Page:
by Jonathan Pye.
On 1st October 2017, 59 people were killed and 500 wounded when a gunman opened fire on a crowd attending a music festival in Las Vegas, Nevada. Although reported as the largest mass shooting by a lone gunman in US history, it was also simply the latest in a long litany of fatal shootings in that country that over just the last 20 years has included places like Columbine High School, Virginia Tech., Sandy Hook, Fort Hood and Orlando. The assailant was neither young, nor black, poor nor radicalised. He was a 64 year old accountant, living in a retirement complex. It remains unknown why this seemingly unremarkable man amassed an armoury or used it to such deadly effect. In the days that followed we heard, time and again, from elected officials the usual familiar clichés in the face of such tragic and large-scale killings.
Two days after the shooting Kirsten Powers wrote in an article in the Washington Post – “Why ‘thoughts and prayers’ is starting to sound so profane”. Although herself, ‘a person who prays and who has been prayed for and knows its power’ she wrote:
It’s become a sort of twisted American ritual: A lone white male shooter opens fire on a crowd of people. Americans cry out for someone to do something and are met with shoulder shrugs, mumblings about ‘the price of freedom’ and assurances that the people elected to protect them are sending their “thoughts and prayers.” Politicians have managed to make a once benign, if not comforting, phrase sound almost profane.[i]
What she objects to particularly is the way in which civic and national leaders ‘spiritualise’ the problem by praying for victims rather than offering any practical response or effective action.
Her colleague, Colby Itkowitz, writing after the 2016 nightclub shooting in Orlando described this as ‘a too easy, even insincere, display of empathy in absence of real action…’[ii] While both would agree that prayer can be efficacious both as an expression of empathy for the victims and a way of finding meaning in the face of brutality, nonetheless both would contend that ‘thoughts and prayers’ alone can simply be an evasion of the responsibility to act in the face of wrongdoing. Without action, prayer becomes merely a self-directed act – it makes the pray-er feel better, rather than being something that seeks to help those who are prayed for or to change the way things are. Such observations are charged with both psychological and theological insight.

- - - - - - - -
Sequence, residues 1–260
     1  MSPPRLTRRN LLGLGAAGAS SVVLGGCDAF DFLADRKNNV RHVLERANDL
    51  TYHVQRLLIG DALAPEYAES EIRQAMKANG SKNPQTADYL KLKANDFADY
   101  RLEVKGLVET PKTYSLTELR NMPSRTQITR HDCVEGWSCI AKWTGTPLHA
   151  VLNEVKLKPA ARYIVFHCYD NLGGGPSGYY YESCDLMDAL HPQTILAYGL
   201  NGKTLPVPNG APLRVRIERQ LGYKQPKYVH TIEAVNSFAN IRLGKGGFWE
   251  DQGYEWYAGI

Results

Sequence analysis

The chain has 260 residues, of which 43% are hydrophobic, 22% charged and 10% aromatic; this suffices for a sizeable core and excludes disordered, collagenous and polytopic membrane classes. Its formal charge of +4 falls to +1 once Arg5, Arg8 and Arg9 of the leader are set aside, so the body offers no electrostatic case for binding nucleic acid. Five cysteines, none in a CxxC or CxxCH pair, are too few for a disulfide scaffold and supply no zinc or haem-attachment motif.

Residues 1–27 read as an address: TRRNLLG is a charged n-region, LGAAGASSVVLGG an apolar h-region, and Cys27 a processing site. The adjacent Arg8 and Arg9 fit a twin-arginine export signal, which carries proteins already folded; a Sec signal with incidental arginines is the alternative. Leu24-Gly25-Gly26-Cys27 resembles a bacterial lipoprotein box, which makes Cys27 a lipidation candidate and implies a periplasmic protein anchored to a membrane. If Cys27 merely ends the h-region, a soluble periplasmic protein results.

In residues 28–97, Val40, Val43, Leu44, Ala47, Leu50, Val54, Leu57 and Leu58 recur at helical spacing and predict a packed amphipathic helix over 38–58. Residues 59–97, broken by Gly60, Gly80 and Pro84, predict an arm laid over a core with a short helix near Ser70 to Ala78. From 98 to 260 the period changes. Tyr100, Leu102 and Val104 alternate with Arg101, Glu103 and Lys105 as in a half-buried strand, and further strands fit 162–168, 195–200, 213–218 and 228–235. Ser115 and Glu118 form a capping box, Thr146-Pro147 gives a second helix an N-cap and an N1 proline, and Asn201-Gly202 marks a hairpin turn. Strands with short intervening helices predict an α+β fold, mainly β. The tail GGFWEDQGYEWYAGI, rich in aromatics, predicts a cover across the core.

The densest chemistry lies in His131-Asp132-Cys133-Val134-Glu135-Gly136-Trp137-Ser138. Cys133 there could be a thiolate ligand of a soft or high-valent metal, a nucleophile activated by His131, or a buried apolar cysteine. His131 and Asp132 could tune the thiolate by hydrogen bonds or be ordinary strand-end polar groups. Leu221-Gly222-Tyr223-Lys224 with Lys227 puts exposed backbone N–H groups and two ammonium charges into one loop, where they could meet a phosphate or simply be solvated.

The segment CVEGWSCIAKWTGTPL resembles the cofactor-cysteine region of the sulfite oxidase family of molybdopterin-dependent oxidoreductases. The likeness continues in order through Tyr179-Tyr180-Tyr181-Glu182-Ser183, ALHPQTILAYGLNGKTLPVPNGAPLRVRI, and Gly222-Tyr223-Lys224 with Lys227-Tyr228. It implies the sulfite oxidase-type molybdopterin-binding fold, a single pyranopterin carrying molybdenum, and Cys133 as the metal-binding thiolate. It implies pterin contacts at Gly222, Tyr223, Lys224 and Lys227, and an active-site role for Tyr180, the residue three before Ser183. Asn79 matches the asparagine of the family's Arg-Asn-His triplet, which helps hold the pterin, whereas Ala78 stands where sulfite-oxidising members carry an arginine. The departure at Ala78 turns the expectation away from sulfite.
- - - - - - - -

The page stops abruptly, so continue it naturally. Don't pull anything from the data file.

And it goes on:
In his book, Zero Degrees of Empathy[iii] Simon Baron-Cohen, professor of developmental psychopathology in the University of Cambridge, seeks to understand why some people act in ways that demonstrate great cruelty while others are completely self-sacrificing (the kind of contrasting behaviour that we observe in the difference between the shooter and those who covered the bodies of friends or relatives with their own bodies to prevent them from being injured). Baron-Cohen asks whether rather than thinking in terms of ‘good’ and ‘evil’ we ought rather to consider everyone as lying somewhere along an ‘empathy spectrum’.
Without minimising the effects of either ‘nature’ or ‘nurture’, I would resist Baron-Cohen’s too deterministic thesis that our position on that spectrum is largely determined by both our genes and our environment because it leaves little place for moral responsibility. This is why President Trump’s description of the gunman, Stephen Paddock, as ‘pure evil’ leaves me so uncomfortable. By describing someone as personifying ‘evil’ we render that person ‘other’, unlike ‘us’, and so places a distance between us. As a theologian, I agree with Baron-Cohen’s psychological insight that we are all capable of acts of great cruelty and great compassion and so I would argue that we share a moral obligation to go beyond ‘thoughts and prayers’ and to act in ways that promote the common good. While we may never fully prevent the killer’s actions, we may nonetheless, act positively to change a culture in which violence is endemic and the means to enact it are so readily available[iv] Theologically, this reflects a proper understanding of Augustine’s theory of ‘original sin’, not that we inherit the sinfulness of our parents but that by participation in a common humanity we all bear some measure of responsibility for what happens around us. This why Augustine could say, ‘Hope has two beautiful daughters, Anger and Courage. Anger at the way things are, and Courage to see that they do not remain as they are’ because in Miroslav Volf’s words, ‘Theology is not only about understanding the world; it is about mending the world.’[v]
[iii] Baron-Cohen, S. (2011) Zero Degrees of Empathy: A New Theory of Human Cruelty and Kindness. London: Penguin.
[iv] Extending this argument to include consideration of the increasing use of motor vehicles etc., deliberately to effect mass casualties or deaths lies beyond the immediate cope of this short article.
[v] Volf, M. (2011) A Public Faith: How Followers of Christ Should Serve the Common Good. Brazos Press.